The Benefits of Attracting Birds

Wild bird sparrowBalcony birdwatching is a rewarding hobby, and it gives you an excuse to stare out the window at your balcony garden. Wild birds will eventually become so used to you that they will learn your habits and wait for you to fill up the birdfeeder. Some may be brave enough to feed or hang out on the balcony while you’re working in on your garden's container plants. If you have a tree just beyond the balcony, you may be rewarded with seeing courting rituals (maybe you will even see a nest), hearing beautiful calls at all hours of the day and spotting beautiful new species visiting your feeder.

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Keeping Rats Out of the Garden

Roof ratSometimes rats and mice can discover paradise near humans. Container gardens, especially those with birdfeeders, can invite these little rodents. Our job as balcony container gardeners is to be stewards to nature, so natural remedies for ridding ourselves of unwanted creatures are always better than traps and poisons. Here are some hints that you may have a rat neighbor and some ways to drive that neighbor away.

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Ants: A Garden Pest

Pest garden antsAnts can spark a debate with gardeners. Some will say that they’re harmless and that they’ll actually help pollinate your flowers. But other gardeners have had definite problems with these little insects.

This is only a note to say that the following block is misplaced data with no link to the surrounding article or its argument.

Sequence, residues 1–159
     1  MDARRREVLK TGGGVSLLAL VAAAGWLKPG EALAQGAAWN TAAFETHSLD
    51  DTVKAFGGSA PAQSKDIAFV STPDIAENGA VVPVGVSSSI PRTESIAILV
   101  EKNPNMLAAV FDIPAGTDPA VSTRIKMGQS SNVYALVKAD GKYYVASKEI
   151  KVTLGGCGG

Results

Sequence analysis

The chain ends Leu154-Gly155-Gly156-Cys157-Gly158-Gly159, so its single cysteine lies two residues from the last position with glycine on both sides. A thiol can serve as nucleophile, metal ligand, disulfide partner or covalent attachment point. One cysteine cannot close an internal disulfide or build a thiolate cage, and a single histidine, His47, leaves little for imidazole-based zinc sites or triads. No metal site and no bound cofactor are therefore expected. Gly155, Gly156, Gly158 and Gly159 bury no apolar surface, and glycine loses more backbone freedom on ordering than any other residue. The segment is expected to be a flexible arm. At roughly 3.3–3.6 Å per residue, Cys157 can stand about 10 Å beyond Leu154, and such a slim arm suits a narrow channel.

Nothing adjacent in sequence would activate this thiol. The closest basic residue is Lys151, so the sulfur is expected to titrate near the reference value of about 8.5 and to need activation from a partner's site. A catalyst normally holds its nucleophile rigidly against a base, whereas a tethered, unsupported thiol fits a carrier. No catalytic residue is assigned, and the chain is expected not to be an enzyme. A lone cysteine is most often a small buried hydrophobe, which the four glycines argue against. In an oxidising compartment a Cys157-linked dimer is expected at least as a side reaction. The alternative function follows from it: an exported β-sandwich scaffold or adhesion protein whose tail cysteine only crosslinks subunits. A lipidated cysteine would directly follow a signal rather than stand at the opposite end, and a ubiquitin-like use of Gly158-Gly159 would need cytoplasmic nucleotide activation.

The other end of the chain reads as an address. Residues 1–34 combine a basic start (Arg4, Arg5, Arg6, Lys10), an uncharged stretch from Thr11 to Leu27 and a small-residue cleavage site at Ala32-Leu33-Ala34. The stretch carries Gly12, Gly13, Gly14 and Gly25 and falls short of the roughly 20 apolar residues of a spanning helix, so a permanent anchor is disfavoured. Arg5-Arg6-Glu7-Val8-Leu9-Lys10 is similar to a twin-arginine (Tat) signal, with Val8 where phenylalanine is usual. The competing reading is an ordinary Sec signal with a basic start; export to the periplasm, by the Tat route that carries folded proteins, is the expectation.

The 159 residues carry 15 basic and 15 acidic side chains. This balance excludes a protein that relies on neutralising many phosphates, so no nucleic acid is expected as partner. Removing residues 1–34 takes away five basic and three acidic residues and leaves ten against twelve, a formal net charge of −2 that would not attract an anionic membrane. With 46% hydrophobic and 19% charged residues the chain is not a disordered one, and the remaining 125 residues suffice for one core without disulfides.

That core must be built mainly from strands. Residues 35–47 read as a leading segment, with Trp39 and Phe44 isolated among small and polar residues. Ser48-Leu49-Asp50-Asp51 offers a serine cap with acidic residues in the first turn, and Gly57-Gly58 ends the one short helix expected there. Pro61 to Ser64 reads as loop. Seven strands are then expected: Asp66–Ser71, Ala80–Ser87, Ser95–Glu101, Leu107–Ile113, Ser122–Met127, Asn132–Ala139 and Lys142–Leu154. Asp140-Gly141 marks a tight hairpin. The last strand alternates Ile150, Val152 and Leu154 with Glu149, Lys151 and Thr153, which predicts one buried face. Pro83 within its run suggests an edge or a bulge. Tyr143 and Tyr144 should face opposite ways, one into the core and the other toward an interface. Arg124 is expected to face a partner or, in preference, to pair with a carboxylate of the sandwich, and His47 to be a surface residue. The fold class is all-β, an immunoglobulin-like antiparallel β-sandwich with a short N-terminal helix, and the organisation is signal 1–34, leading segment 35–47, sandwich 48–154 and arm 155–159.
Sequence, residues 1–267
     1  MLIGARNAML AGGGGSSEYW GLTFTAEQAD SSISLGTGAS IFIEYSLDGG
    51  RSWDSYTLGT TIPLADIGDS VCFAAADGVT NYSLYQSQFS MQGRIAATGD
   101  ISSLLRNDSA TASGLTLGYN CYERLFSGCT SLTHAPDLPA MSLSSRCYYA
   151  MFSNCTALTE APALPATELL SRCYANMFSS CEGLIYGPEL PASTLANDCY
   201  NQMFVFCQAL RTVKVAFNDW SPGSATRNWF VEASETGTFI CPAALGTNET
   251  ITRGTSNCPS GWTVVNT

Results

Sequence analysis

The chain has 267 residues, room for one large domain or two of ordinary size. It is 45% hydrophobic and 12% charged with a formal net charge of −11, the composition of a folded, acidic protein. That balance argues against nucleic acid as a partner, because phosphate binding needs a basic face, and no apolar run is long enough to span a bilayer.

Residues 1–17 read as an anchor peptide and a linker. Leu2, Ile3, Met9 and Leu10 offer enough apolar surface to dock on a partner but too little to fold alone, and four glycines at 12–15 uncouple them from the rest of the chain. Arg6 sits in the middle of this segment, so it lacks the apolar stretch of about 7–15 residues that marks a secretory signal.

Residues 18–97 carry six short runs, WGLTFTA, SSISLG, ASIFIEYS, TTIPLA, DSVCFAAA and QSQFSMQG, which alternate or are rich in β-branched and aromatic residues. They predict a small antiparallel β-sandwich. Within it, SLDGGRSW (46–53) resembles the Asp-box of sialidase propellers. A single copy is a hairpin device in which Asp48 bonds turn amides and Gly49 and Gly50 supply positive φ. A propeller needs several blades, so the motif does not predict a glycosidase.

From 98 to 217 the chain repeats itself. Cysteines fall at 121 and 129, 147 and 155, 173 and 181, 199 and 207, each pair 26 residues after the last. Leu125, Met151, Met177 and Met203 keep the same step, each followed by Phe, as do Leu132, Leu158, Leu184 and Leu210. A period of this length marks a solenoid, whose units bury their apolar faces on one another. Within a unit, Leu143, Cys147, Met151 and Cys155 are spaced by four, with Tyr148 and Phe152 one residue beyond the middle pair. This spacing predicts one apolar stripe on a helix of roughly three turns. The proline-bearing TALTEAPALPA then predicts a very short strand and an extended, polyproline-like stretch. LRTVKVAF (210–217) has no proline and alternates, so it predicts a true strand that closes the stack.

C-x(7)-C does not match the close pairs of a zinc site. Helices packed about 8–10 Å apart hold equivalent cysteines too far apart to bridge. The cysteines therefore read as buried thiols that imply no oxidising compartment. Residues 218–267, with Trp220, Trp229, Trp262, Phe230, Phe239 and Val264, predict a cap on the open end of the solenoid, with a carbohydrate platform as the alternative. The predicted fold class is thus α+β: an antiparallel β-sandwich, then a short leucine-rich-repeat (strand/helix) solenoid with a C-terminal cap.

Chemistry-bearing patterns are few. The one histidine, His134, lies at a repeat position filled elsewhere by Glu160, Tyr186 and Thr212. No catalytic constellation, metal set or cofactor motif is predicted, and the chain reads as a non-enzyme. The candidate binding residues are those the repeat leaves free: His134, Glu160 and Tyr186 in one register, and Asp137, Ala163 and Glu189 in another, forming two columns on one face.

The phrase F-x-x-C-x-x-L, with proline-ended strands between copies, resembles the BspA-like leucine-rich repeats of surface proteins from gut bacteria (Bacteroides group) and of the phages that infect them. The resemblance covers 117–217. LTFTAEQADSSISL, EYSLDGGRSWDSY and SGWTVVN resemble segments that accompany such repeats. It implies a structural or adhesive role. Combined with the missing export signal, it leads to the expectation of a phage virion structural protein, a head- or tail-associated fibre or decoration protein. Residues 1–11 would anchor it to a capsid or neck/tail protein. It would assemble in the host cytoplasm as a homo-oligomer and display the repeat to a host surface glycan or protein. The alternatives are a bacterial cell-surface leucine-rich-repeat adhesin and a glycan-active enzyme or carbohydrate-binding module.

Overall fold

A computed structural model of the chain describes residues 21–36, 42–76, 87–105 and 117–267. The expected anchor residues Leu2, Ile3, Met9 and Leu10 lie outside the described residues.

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Wild Bird Maintenance

Yellow-rumped warbler birdListed below are some downsides to keeping birdfeeders that attract wild birds to your garden. The sight of those cute little birds is enough for many gardeners to want to provide food for them, but first carefully think about the work that is required to maintaining birdfeeders and the possible downsides that come with keeping feeders hanging in your balcony container garden. If you feel you have enough work caring for your container plants, you may find it to be too much extra work to attract wild birds to your balcony garden.

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How to Attract White-Crowned Sparrows

White-crowned sparrow

Intro: White-crowned sparrows look similar to house sparrows, but they have a prominent white and black stripe on the head. The rest of their bodies are gray or light brown, and they have an orange-yellow beak. These wild birds are much less common at bird feeders than house sparrows, but they may visit your balcony garden when hungry in the winter. They eat insects, including caterpillars and beetles, in the summer, and mainly eat birdseed during the winter. White-crowned sparrows from different regions have slightly different colors, and because their songs are learned, there are also regional song dialects. There are several white-crowned sparrow subspecies.

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